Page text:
The swirl, or turbulence, chamber is similar in appearance to the precombustion chamber, but functions differently (Fig. 7-3). During compression, the disc-shaped or spherical antechamber imparts a circular motion to the air, which accelerates as the piston approaches tdc. The injector is timed to open at the peak of vortex speed. As the piston rounds tdc, combustion-induced pressure in the antechamber reverses the flow. A turbulent stream of burning fuel and superheated air exits the antechamber and rebounds off the piston to saturate the main chamber.
The swirl chamber was invented by Sir Harry Ricardo during the late 1920s and underwent numerous alterations during its long career. Except for Mercedes-Benz, most diesel cars and light commercial vehicles of the postwar era and for many years after employed the Ricardo Comet V chamber. These chambers are more economical than hot-bulb chambers, but are noisier.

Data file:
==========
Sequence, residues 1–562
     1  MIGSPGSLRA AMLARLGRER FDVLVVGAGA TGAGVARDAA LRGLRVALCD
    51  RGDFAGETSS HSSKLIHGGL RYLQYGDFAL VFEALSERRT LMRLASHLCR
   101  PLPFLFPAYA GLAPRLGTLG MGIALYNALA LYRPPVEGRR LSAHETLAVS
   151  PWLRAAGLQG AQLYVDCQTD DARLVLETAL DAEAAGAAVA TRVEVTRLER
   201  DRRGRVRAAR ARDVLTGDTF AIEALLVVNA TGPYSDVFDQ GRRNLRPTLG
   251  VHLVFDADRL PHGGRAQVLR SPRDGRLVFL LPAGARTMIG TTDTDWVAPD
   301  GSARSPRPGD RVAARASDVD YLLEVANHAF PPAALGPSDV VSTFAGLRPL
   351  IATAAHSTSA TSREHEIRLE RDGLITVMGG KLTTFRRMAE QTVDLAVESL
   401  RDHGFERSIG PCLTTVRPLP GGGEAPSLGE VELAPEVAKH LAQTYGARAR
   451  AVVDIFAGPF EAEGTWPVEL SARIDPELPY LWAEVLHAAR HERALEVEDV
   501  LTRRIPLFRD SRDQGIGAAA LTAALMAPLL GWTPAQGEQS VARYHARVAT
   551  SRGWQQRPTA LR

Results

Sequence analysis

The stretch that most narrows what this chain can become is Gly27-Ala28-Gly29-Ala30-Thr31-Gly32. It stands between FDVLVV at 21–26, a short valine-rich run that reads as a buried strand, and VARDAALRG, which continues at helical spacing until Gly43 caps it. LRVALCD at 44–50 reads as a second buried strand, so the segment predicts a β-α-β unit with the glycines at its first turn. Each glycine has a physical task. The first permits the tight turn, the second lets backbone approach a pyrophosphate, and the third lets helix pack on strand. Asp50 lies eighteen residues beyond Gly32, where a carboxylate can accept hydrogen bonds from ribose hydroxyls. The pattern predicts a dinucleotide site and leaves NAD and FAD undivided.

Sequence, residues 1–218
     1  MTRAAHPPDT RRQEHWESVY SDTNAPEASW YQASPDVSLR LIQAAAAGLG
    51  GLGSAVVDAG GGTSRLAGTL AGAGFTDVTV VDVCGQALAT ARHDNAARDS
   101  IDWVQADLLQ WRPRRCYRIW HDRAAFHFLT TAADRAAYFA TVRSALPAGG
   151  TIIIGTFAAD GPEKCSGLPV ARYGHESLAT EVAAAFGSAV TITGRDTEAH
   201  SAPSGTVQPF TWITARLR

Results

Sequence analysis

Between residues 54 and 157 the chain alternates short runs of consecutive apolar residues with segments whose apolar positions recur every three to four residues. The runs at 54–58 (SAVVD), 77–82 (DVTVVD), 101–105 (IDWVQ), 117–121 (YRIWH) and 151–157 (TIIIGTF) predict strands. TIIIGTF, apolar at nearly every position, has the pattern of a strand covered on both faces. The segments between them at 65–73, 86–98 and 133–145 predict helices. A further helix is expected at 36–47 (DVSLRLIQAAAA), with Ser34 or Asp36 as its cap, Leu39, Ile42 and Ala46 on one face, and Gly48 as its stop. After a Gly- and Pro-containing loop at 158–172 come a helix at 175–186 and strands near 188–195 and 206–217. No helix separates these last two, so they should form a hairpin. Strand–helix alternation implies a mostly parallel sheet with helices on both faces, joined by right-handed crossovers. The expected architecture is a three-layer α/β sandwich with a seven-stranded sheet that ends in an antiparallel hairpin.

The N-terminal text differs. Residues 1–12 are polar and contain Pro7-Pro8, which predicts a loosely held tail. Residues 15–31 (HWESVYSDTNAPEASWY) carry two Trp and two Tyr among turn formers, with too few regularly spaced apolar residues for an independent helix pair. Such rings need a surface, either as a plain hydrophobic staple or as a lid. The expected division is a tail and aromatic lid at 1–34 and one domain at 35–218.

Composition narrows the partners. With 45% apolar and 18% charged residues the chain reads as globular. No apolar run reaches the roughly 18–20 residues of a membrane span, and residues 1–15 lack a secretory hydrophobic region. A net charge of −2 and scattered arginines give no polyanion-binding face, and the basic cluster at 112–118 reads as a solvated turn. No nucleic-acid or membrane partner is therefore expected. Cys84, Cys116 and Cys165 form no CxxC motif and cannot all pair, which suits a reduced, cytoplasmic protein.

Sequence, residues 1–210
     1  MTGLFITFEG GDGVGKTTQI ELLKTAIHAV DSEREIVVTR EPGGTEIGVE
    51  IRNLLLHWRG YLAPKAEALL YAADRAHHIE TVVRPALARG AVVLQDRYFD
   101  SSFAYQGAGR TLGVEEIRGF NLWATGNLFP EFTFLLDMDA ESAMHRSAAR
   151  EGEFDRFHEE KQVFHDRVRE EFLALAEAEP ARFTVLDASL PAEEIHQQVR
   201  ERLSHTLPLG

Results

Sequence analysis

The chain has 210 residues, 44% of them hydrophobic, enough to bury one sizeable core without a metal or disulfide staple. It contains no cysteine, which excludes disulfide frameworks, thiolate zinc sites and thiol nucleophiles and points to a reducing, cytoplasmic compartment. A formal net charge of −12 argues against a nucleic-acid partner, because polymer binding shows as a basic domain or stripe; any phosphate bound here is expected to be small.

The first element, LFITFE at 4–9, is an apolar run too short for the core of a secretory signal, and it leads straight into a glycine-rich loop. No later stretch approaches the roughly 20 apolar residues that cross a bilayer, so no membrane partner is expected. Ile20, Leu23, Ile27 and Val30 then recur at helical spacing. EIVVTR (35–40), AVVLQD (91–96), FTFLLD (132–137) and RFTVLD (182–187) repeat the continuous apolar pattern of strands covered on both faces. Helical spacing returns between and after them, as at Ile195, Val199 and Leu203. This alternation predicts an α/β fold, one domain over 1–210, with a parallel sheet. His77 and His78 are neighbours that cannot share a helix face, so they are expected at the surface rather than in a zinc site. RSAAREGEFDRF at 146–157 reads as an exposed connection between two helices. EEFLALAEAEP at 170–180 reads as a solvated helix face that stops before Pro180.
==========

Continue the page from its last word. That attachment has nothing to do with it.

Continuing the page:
The 6.25L engine used by General Motors for pickup trucks during the 1980s and early 90s demonstrates the tradeoffs implicit in combustion-chamber design. While the Ricardo chamber depends upon swirl for mixing, velocity is also important. Initially, these GM engines were set up with a small-diameter port between the main and swirl chambers. The pressure drop across the port generated velocity that, in conjunction with swirl, resulted in good air-fuel mixing and fuel economy. Near the end of the production run, GM acquiesced to customer demands for more power by enlarging the connecting port. More fuel could be passed, but thermal efficiency suffered. Fuel economy, which had approached 20 miles/gal, dropped to 14 or 15 mpg.